The Hebrew word translated "pray" in verse 17 is rib, indicating a feeling, an emotion. It can be used in a sense as soft as "to complain." David was complaining in this prayer. However, it can also mean "to grapple with, rumble, fight an adversary, strive, or contend as with a judge."
This suggests the context of the prayer. David was overwrought emotionally, angry, in this prayer. He was in despair because one that he considered to be a good friend had stabbed him in the back. He and his trust had been betrayed, causing deep hurt and anger. We, too, may have gone to God deeply hurt and angry, with an intensity in our words that was not there at other times.
The point is that prayer is used in all occasions. It is not always to be formulaic and formal, a rote prayer to God like, "Now I lay me down to sleep" or "Our Father which art in heaven." God intends that our speech with Him arise from the very depths of our present situation and that our prayers' emotional content will vary from time to time. Sometimes we will be downright angry and upset. As we can see from David's example, we do not have to worry about being angry or upset before Him.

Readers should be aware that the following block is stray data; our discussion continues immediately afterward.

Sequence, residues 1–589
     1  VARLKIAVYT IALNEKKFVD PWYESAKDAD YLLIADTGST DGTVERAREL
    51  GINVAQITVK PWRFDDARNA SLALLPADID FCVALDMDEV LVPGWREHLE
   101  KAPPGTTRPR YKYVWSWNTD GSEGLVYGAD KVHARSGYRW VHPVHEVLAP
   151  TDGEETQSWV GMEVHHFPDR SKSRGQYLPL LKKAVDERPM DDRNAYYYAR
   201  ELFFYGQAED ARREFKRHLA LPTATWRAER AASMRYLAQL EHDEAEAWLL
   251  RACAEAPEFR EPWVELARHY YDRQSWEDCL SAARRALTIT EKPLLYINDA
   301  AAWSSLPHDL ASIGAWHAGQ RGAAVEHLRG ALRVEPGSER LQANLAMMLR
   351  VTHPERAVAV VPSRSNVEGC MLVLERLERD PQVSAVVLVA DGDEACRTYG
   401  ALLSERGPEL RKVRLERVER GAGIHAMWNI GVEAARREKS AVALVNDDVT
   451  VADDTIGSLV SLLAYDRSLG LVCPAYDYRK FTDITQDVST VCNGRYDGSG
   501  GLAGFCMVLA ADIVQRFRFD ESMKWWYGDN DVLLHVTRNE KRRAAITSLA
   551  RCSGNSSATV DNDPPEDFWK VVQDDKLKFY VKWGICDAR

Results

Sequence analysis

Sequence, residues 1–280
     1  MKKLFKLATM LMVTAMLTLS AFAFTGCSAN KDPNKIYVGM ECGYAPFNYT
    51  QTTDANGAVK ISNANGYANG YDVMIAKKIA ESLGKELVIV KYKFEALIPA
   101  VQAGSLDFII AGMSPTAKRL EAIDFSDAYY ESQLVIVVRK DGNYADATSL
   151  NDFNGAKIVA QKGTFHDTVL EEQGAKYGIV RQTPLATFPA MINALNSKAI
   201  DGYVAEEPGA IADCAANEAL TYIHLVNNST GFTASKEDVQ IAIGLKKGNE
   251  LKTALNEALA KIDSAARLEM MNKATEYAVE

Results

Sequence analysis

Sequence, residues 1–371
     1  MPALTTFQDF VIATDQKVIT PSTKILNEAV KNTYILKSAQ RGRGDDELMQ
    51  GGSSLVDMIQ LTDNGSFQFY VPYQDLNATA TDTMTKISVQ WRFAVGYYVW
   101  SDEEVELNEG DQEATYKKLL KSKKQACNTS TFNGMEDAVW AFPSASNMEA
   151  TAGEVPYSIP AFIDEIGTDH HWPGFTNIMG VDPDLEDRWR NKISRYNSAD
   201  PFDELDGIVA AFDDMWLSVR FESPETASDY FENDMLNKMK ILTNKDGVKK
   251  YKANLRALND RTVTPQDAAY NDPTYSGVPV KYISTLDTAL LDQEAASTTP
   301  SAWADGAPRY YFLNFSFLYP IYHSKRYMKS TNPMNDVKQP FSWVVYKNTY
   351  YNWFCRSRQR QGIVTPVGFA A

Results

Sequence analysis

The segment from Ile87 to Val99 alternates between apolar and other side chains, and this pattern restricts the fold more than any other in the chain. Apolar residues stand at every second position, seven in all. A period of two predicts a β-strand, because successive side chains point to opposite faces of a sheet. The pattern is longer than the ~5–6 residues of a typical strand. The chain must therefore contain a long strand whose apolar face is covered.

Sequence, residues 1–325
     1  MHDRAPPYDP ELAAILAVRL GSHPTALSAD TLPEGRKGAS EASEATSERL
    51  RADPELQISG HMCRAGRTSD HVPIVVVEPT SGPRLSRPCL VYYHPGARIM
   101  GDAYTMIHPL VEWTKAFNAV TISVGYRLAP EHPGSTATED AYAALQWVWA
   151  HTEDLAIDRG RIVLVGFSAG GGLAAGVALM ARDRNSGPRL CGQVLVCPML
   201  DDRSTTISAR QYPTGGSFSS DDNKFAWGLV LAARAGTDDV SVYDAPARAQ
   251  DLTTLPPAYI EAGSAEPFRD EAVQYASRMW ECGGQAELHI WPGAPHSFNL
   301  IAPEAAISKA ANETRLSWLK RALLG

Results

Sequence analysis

John W. Ritenbaugh
What Is Prayer?
Other Forerunner Commentary entries containing Psalms 55:17: